Today, we will discuss only one of these modalities: mobile health (mHealth). This method is supported by devices such as smart phones and tablets. Typically, this modality is not utilized on a wide scale due to HIPPA concerns. However, our healthcare system is facing some uncharted territory in the management of the COVID19 pandemic. In consideration of this, several concessions are being made to assist all healthcare providers. Last week, Secretary Alex Azar of the Department of Health and Human Services (HHS) announced an expansion of telehealth services for Medicare beneficiaries. His statement reads, in part, “Providers will be allowed to use everyday technologies to talk to telehealth patients”. This facilitates easier access to telehealth services. In addition, the HHS Office for Civil Rights (OCR) has stated it will waive potential HIPAA penalties for good faith use of telehealth during the emergency.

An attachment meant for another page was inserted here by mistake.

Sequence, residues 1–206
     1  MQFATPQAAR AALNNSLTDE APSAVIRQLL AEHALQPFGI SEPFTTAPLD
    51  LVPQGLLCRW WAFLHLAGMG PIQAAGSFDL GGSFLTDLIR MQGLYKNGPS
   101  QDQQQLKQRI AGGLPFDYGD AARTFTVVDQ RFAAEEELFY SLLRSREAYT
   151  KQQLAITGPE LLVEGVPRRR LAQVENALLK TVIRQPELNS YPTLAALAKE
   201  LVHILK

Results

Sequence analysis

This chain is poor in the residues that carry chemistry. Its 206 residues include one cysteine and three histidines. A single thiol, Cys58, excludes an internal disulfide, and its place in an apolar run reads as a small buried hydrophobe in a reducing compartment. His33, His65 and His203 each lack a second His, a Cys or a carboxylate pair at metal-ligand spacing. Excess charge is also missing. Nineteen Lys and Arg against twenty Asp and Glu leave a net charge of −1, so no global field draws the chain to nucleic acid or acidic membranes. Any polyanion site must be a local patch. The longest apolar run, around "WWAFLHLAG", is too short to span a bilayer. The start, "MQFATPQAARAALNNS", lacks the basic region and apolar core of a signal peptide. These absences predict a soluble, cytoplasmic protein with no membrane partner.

The full statement is here:

Why is this important? Most dentists do not have the specialized equipment used in typical telemedicine practice. During this time of crisis, it is considered acceptable to provide telemedicine using something as simple as a telephone. There is still an expectation that the dentist will, as much as possible, provide an environment of privacy. HHS has given examples of technologies which are considered acceptable as well as those which are not.

Acceptable telehealth communication platforms are defined as those which are non-public facing. These include, but are not limited to:

  • Smart phones, either voice or text
  • Apple FaceTime
  • Skype

The use of public-facing platforms is not acceptable for telehealth communications. Examples of platforms which are not acceptable include, but are not limited to:

  • Instagram
  • Facebook Live
  • TikTok

HHS has published an excellent document with FAQs on telehealth during the COVID19 crisis. This is available here:

Many of the major dental payers have expanded benefits to include teledentistry for dentists who have closed their offices due to COVID19. Although requirements for filing are plan specific, one consistent instruction we have found is that evaluations conducted via teledentistry are to be reported with D0140 (limited oral evaluation, problem focused). This should be reported and charged as if the patient was seen in the office.

Note that there are two codes specifically describing teledentistry. These are:

  • D9995 Teledentistry- synchronous; real-time encounter
  • D9996 Teledentistry- asynchronous; information stored and forwarded to dentist for subsequent review